The book begins with an array of introductory material including a gazetteer of historical toponyms, thirteen maps, a glossary of Greek, Latin, and Arabic terms, and a glossary of English nautical terms (the latter absolutely essential for us landlubbers). The book is then divided into six chapters, the first (7-122) being a detailed survey of naval affairs from late antiquity through 1204, the primary virtue of which is that it interweaves Byzantine, Arab, and Latin naval history. Chapter 2 (123-61) deals with the origins of the dromon, tracing naval technology from the Roman period through the age of Justinian. After a brief chapter (163-73) dealing with the relative lack of information about the Byzantine navy from the later sixth through the later ninth centuries (the Byzantine dark age), we reach the heart of the work, a long chapter (175-406) on the dromon during the Macedonian period (886-1025). Chapter 5 deals with the demise of the dromon (407-21) and Chapter 6 with the triumph of the western European galea (423-44). After a brief conclusion, there are a number of appendices which make up a quarter of the book: texts and translations of the ninth-century(?) Naumachiai of Syrianos Magistros; the Naumachika of Emperor Leo VI (as extracted from his larger Taktika), along with a brief text on naval strategies by this same emperor (who had in fact never been to sea); an anonymous treatise on naval warfare commissioned by the parakoimomenos Basil; the naval inventories from Constantine VII's De ceremoniis for the 911 and 949 expeditions to Crete; and Nikephoros Ouranos' paraphrase of Leo VI's Naumachika. There is also an appendix on Greek fire (607-31), an analysis of the galley illustrations in the Madrid manuscript of Skylitzes' history, and the text and translation (by Ahmad Shboul) of the portions of two Arabic treatises by Ibn Mankali that paraphrase Leo VI's Naumachika. The volume concludes with a bibliography and useful indices.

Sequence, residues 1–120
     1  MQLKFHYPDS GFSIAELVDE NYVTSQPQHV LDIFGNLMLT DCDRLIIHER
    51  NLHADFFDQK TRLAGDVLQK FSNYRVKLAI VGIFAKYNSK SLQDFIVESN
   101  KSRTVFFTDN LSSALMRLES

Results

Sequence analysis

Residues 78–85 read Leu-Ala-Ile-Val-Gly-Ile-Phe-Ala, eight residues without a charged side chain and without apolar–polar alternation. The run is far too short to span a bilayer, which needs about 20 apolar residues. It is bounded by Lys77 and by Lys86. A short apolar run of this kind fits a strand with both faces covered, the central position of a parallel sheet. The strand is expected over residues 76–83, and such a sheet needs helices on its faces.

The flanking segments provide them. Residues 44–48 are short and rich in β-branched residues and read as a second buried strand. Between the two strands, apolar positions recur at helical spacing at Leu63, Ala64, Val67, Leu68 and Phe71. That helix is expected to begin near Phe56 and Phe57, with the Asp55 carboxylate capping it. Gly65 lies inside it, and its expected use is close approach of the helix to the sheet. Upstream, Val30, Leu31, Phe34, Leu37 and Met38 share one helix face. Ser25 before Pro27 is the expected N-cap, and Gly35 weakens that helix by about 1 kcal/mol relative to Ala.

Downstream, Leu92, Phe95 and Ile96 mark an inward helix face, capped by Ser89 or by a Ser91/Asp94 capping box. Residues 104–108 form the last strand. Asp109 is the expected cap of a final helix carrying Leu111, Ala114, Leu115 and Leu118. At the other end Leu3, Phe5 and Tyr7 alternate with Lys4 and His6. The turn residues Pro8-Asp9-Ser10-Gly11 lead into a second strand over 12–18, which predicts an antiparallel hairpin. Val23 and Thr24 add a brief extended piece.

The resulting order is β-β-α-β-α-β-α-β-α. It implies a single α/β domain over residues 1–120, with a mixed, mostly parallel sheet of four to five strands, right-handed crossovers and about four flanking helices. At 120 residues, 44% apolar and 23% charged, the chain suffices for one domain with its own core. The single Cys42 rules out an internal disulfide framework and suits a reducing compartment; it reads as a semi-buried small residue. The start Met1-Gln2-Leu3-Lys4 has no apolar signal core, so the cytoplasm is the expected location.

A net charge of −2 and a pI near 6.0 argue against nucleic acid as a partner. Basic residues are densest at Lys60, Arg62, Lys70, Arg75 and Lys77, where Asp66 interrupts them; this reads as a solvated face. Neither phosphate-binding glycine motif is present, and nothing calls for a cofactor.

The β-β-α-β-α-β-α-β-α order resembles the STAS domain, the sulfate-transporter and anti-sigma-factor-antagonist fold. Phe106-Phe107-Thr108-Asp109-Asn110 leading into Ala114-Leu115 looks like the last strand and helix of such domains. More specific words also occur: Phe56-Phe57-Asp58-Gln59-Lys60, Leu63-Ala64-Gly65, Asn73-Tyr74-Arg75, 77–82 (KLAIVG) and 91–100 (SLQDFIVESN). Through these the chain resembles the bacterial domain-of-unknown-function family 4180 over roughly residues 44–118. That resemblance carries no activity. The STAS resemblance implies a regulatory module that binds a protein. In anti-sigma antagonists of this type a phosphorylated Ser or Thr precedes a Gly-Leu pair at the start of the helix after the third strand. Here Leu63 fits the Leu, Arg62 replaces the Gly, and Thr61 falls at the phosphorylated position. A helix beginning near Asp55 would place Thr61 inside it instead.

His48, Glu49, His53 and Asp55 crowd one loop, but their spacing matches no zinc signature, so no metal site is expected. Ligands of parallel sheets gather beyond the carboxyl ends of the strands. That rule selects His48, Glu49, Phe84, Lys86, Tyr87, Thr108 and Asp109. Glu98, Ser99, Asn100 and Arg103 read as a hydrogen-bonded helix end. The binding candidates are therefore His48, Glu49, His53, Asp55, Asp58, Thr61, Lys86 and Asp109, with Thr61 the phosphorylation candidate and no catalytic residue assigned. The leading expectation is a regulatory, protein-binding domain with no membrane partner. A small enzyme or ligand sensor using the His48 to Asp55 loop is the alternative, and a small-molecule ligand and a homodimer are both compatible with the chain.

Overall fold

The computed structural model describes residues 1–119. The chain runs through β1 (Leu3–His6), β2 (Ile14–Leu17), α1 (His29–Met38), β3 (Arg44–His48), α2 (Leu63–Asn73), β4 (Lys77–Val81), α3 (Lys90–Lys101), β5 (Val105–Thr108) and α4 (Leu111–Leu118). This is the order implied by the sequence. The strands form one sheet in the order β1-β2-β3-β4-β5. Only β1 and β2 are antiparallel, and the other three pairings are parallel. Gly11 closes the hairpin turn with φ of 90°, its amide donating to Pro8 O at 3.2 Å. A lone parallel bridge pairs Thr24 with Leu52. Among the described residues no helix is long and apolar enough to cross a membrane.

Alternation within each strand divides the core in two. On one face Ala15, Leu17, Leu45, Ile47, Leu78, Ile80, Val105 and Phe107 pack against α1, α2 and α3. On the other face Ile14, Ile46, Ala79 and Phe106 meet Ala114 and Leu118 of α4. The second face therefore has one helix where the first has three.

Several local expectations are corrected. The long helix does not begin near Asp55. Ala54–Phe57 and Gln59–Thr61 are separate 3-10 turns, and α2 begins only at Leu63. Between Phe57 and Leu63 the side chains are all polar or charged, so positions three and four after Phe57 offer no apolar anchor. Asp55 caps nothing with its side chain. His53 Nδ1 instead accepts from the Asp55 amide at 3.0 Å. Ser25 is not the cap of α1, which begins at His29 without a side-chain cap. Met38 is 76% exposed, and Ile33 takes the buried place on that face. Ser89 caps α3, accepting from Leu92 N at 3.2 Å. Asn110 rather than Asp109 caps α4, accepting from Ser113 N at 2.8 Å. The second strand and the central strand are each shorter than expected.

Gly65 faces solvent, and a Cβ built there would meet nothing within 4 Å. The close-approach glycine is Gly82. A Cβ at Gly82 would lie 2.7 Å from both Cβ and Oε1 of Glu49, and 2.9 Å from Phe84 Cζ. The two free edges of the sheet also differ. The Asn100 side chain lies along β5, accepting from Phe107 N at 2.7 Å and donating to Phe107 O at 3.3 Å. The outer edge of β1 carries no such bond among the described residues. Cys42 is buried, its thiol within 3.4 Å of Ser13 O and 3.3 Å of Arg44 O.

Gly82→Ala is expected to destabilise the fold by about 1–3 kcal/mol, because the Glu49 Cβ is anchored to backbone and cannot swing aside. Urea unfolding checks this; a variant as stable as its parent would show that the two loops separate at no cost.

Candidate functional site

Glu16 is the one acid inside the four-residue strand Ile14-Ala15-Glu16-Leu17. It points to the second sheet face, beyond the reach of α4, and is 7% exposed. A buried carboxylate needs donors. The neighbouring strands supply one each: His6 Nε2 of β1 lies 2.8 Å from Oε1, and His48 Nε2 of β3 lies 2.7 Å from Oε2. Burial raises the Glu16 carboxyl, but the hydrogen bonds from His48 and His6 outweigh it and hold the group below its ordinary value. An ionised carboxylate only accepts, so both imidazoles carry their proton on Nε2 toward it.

Pryor explains that he began his study of the Byzantine galley in the traditional manner: gathering references to the navy from literary and pictorial sources, and attempting to reconstruct the nature of the warships based on these references and aided by previous scholarship. Yet, after long study, he concluded that it was difficult to reconcile contradictory evidence and that the major sources for dealing with naval matters could not be taken at face value: e.g., the anonymous treatise on naval warfare commissioned by the parakoimomenos Basil (958-59) is dismissed as "little more than an exercise in classicizing philology" (4), and much of the Naumachika of Leo VI (dated to 905-06), Pryor concludes, reads as though "conceived by an arm-chair sailor" (181). The paraphrases of Leo VI's work by Nikephoros Ouranos (composed 1000-1011) and Ibn Mankali (fourteenth- century), while correcting or clarifying many of Leo's observations, present their own difficulties. Even the inventories of men, equipment, and finances supposedly for the Cretan expeditions of 910- 12 and 949 and to Italy in 934 and 935, inserted in De cerimoniis and completed in final form under Nikephoros Phokas, are infected by bureaucratese and do not necessarily reflect reality (446). Pryor carefully explains how, in his view, previous scholars were misled by these sources and arrived at incorrect conclusions.